Here’s a marriage survival hint. We have lasted 45 years together because we finally agreed that I will not bring up any topics requiring emotional engagement after 10 p.m. and he will not tell me anything I need to remember before 9 a.m.. He just leaves a message on my desk. I email him links. Works for us.

Lately I have slowly woken to the reality my friend spoke of. Something always hurts. Pain mumbles in the background during the day, but in the morning it yells and makes a ruckus like an annoying alarm clock you can’t shut off  because it hurts to stretch that far. The worst part is that my default attitude upon waking is not one I am proud of. My first utterance of the day is often a moan.

I remember the advice a friend gave me. She was a professional rodeo cowgirl and bore the dents and scrapes of her calling with dignity.

“I never get out of bed until I have found the peace I know God has provided for my day,” she said. “Sometimes I stay there for a long time. There are chores to be done and horses to be fed, but I know I will be no good to anyone until I have peace. When it’s there, life runs much more smoothly — not just for me, but for everyone around me as well,” she said.

I’m learning to make adjustments to my attitude by seeking “strength for today and bright hope for tomorrow” by thanking God and praising him in all circumstances. (In not necessarily for. I don’t praise God for sin.) Praise changes things. It focuses on the Source that strengthens us instead of the pain that drains us.

This I know — from far too much experience. Negativity, complaining, whining, obsessing, and worrying are like beacons that attract the attention of the enemy of our souls. It’s his worship language. “Oh, you’re worried. I can help you with that.”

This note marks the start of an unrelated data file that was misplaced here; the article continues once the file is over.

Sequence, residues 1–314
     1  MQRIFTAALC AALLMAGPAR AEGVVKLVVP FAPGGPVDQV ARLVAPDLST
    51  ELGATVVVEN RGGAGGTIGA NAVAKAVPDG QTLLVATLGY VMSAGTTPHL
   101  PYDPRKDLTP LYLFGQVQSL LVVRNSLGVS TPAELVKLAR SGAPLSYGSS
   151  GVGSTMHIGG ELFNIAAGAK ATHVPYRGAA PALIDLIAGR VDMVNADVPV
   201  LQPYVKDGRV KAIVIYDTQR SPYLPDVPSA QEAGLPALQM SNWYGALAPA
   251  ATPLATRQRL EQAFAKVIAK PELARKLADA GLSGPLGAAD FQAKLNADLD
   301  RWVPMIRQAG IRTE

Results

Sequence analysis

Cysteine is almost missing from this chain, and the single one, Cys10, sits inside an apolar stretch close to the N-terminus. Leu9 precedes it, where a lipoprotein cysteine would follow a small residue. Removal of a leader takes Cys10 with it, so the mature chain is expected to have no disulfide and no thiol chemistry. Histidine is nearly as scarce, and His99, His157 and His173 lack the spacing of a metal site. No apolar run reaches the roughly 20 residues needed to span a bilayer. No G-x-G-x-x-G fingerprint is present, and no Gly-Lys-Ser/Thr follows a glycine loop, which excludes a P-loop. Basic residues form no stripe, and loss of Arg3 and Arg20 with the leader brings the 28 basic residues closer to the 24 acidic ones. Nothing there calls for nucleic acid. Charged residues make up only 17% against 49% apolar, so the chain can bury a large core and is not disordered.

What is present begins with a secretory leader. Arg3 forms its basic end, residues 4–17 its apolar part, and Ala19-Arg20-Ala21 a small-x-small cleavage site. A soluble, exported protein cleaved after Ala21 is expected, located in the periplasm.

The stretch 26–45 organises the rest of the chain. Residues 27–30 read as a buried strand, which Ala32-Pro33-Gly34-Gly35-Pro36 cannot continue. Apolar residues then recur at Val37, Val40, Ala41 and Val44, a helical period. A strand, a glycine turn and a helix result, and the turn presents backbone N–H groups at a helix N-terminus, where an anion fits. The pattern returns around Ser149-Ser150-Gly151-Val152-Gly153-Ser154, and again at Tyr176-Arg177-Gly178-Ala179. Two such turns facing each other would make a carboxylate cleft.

When we worship God through praise and thankfulness for past blessings, it attracts the angel armies of heaven – the ones God sends to assist us. “Oh, you’re praising God. We can help you with that!”

Sometimes I think I have discovered something new, when out of the treasury comes something old that confirms a timeless truth. I came across a song by Bach that expresses the necessity of receiving a fresh download of God’s goodness every morning. The English translation:

Most High God, make your goodness
new every morning from now on.
Then to your fatherly love
a thankful spirit in us in turn
through a devout life will show
that we are called your children.


It’s probably a lamp, but the white vessel on the floor, the one beside the woman in the painting featured on the video, looks a bit like my coffee thermos. I think I’ll join her. Good old Johann Sebastien wrote a song for that too.

Glories Stream

sky pink layer ch rs 2 IMG_8803


Lord, your name is so great and powerful!
People everywhere see your splendor.
Your glorious majesty streams from the heavens,
filling the earth with the fame of your name!

You have built a stronghold by the songs of babies.
Strength rises up with the chorus of singing children.
This kind of praise has the power to shut Satan’s mouth.
Childlike worship will silence
the madness of those who oppose you.

Look at the splendor of your skies,
your creative genius glowing in the heavens.
When I gaze at your moon and your stars,
mounted like jewels in their settings,
I know you are the fascinating artist who fashioned it all!
But when I look up and see
such wonder and workmanship above,
I have to ask you this question:

Compared to all this cosmic glory,
why would you bother with puny, mortal man
or be infatuated with Adam’s sons?

Yet what honor you have given to men,
created only a little lower than Elohim,
crowned like kings and queens with glory and magnificence.

(Psalm 8:1-5 The Passion Translation)